Just as important as getting SEO right is getting the visitor experience right, according to Hamish Bones of customer experience optimization (CXO) company AB Tasty. Without SEO, you won’t drive shoppers to your site, and without CXO, you won’t drive revenue from those visits.
“All companies, not just pure-players, are now building digital strategies with budgets previously laid out for offline,” said Hamish. “The biggest challenge will be to concentrate on the right KPIs and prioritize the roadmaps, working closely across digital marketing and content teams to get the best performance possible with the least amount of resources and time required.”
According to McKinsey, the Coronavirus is expected to have the largest economic impact since World War II.
COVID-19 has led to budget cuts and unemployment — for example, just 50% of the working-age population in the United Kingdom were working as usual at the beginning of April, compared to the 75% that’s working usually. This was mainly due to 20% being furloughed and about 5% being off sick, in isolation, or newly unemployed.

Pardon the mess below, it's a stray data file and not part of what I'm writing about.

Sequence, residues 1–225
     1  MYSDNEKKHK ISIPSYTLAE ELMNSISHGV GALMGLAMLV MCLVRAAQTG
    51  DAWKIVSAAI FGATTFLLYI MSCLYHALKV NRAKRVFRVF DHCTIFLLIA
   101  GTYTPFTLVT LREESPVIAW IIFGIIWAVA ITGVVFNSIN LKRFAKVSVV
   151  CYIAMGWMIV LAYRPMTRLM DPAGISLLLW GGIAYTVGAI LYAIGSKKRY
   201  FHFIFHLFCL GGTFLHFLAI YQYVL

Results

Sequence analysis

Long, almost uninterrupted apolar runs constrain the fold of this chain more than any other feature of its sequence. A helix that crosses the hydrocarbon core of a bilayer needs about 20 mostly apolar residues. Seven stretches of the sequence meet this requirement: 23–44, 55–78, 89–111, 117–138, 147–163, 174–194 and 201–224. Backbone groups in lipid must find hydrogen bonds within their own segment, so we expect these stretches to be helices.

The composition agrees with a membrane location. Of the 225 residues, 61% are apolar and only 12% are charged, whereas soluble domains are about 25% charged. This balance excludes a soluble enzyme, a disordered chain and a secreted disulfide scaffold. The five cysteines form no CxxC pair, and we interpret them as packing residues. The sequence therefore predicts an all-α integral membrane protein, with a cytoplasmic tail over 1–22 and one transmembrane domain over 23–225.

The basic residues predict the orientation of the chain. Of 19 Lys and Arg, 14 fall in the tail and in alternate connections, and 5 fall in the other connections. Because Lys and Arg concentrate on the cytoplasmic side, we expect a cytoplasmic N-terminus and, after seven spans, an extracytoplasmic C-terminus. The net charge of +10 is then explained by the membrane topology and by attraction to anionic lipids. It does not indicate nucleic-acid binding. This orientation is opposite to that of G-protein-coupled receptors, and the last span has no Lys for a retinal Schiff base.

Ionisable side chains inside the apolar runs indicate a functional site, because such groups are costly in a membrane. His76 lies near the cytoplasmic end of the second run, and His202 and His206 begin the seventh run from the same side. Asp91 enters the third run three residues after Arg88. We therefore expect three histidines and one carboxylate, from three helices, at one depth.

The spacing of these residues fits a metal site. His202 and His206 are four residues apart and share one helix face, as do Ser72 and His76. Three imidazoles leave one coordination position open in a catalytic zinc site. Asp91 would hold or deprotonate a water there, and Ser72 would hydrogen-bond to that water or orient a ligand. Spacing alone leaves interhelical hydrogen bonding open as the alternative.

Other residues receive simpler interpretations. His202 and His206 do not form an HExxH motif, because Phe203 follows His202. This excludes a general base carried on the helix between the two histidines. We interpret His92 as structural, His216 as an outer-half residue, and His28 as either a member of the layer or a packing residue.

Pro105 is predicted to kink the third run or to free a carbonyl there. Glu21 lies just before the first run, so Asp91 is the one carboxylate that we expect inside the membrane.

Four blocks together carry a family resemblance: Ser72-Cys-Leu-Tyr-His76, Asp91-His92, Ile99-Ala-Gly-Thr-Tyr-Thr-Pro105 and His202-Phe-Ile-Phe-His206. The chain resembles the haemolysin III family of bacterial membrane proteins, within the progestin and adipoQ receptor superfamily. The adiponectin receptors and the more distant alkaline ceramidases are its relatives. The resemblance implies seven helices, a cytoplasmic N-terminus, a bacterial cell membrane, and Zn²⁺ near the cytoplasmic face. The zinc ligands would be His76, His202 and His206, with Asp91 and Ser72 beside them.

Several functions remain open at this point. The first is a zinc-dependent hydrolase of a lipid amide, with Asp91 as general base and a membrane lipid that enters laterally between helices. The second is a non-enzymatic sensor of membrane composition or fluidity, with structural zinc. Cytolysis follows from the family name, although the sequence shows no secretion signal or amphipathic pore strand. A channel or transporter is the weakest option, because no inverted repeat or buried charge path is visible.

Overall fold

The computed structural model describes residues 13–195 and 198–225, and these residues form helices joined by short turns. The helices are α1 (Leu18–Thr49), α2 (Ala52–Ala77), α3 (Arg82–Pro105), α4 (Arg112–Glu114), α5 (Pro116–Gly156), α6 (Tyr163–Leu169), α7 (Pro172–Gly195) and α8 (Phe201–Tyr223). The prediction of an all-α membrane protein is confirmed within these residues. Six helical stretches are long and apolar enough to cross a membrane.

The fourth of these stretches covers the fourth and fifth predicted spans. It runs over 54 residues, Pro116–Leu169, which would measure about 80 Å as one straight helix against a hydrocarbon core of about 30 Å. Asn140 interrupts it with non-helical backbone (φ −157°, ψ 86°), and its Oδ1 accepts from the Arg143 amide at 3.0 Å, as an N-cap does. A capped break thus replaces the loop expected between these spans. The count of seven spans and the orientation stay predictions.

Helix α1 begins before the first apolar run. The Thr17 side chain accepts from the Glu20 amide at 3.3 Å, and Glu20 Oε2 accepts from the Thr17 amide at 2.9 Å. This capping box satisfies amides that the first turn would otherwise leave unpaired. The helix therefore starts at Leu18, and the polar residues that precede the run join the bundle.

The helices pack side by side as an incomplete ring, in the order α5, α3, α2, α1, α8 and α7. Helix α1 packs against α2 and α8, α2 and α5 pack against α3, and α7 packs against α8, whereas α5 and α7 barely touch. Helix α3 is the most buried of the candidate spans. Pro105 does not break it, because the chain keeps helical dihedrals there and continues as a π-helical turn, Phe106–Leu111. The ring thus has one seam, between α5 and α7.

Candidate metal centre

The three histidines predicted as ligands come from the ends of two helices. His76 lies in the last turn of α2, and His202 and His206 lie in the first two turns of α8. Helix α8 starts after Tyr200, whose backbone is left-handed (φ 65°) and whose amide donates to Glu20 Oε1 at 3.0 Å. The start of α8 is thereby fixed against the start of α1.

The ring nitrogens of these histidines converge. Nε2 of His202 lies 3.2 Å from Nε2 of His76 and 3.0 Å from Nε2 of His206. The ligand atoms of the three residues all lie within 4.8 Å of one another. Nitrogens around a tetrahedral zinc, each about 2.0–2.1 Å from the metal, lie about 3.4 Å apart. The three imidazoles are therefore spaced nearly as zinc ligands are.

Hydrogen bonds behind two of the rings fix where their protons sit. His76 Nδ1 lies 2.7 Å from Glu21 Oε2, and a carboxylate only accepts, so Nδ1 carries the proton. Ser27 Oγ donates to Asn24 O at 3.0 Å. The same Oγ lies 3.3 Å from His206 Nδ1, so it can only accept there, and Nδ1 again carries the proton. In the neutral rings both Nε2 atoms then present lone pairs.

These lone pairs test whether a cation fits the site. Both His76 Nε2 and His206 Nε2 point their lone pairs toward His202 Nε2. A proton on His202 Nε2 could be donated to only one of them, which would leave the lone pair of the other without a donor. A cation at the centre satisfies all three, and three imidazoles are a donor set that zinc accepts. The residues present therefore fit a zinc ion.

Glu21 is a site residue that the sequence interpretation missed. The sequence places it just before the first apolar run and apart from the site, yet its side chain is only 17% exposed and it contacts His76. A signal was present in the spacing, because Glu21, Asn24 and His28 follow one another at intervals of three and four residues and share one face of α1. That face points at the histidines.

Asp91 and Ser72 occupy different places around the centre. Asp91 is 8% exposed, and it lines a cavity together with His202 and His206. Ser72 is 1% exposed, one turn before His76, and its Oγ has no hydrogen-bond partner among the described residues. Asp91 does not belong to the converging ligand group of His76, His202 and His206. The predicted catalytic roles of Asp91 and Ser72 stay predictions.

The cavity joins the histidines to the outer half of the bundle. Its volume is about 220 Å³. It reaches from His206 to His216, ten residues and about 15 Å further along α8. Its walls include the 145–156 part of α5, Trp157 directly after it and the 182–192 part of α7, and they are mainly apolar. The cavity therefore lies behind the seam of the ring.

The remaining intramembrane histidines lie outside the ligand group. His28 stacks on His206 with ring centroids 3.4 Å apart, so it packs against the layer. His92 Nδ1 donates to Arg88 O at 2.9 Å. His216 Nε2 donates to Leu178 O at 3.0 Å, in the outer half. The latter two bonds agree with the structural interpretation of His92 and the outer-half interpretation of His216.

This employment volatility could potentially cause a long-term shift in price sensitivity, which could mean an increased interest in promotional offers, but this will differ by sector. My prediction is that there will be an increased interest for sale items in essentials, but products in non-essential categories will be impacted by other trends such as values or social responsibility.
Hamish also weighed in from the visitor/customer experience angle:
“The immediate response for a lot of industries has been to run continuous promotions over the last few months. With Media and Publishing, there has always been a strong argument to run promotions for new subscribers, however subscribers value the content they receive over the promotion itself.
For example, USA Today, Le Parisien, and Les Echos all use AB Tasty to run experimentation programs that focus on the customer journey for unsubscribed users and show the real value for paid subscriptions.
Retailers have been running almost non-stop promotions since going into lockdown, however, is this actually having an impact on revenue?